They say that long ago, there was a rebellion in Heaven - that an army of angels sought to seize the throne and were cast down into the pits of Hell in punishment. Those are the affairs of angels, and everything would have been fine if they'd kept them to themselves. But there's been another uprising, and another fall. Cast down to Earth, the rebel angels ravaged the globe in an orgy of sin and violence as they indulged in their newfound freedoms. Their new home is the Perch, a black, towering monstrosity that blights what's left of the New York City skyline.
Life inside the Perch means you watch your tongue, if you're a servant. Jana has lived there since she was a child, and now she's found herself thrust into the middle of angelic politics. Some of them want to torture her, just for the fun of it. Others say they want to protect her. And Rhamiel, a charismatic and powerful angel with one of the few faces that wasn't burnt and scarred by the fall, is relentlessly pursuing her affections.
Life outside can be just as dangerous. Strange things fall with the angels and wander the countrysides. The roads are filled with Vichies, cringing humans who've thrown their lot in with their oppressors and won't hesitate to take advantage of the weak. But some are still fighting, including William Holt. He leads a small cell of fighters, searching for a way to strike back against the angels without getting themselves killed in the process. And all around, the fallen angels inflict their savageries on the dwindling remains of humanity, enjoying every vice they'd been forbidden during their long centuries of service.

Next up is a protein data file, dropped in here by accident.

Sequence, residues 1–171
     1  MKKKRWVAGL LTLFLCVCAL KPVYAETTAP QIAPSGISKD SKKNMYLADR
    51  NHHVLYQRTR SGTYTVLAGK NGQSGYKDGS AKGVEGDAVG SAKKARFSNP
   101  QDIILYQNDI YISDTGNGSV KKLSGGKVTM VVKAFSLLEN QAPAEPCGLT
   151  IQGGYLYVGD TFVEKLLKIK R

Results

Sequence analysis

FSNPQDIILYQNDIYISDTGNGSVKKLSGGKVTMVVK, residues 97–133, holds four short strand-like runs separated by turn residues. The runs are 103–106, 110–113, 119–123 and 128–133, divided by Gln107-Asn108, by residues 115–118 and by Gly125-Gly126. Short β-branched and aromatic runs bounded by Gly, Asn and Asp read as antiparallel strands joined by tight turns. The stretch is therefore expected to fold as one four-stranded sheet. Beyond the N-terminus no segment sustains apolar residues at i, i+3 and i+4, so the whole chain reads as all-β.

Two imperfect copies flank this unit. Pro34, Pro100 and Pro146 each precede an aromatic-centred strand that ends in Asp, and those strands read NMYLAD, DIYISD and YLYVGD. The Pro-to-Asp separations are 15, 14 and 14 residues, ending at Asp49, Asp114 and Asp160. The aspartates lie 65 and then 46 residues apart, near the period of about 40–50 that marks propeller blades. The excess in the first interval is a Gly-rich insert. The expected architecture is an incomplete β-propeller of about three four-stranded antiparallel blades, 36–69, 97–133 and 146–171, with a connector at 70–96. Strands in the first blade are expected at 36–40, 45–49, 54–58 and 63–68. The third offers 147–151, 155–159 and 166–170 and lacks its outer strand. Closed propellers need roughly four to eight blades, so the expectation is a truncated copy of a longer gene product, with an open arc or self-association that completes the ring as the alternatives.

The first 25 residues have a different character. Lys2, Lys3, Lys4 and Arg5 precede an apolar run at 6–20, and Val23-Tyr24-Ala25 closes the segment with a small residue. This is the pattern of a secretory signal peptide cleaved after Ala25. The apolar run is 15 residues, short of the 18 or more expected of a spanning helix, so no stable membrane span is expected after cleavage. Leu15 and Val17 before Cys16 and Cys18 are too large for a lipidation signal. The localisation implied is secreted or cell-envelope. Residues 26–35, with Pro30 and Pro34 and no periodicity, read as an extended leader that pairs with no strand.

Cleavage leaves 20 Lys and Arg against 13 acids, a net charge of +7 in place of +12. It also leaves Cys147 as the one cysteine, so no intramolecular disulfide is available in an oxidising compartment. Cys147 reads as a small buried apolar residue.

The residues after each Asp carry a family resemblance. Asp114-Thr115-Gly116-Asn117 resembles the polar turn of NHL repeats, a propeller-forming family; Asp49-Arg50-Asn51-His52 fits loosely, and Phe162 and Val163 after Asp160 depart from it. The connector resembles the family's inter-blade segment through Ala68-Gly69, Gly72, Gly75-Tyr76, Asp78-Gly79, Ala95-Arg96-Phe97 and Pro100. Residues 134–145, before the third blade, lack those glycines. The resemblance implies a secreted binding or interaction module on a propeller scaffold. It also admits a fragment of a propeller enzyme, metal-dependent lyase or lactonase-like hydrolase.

They Who Fell is the first book in a trilogy.
©2014 Kevin Kneupper (P)2015 Kevin Kneupper
okay, it has a plot...a paper think plot to be sure. the characters are two deminsional and lack development. it takes well over half the book to get into the plot. honestly, I can't sympathize much with any of the characters because I don't know them well enough.
I gave it three stars for a couple reasons. first, this narrator is awesome. second, the author is great at description and helping you see the environment around the story. beyond that this is just average.
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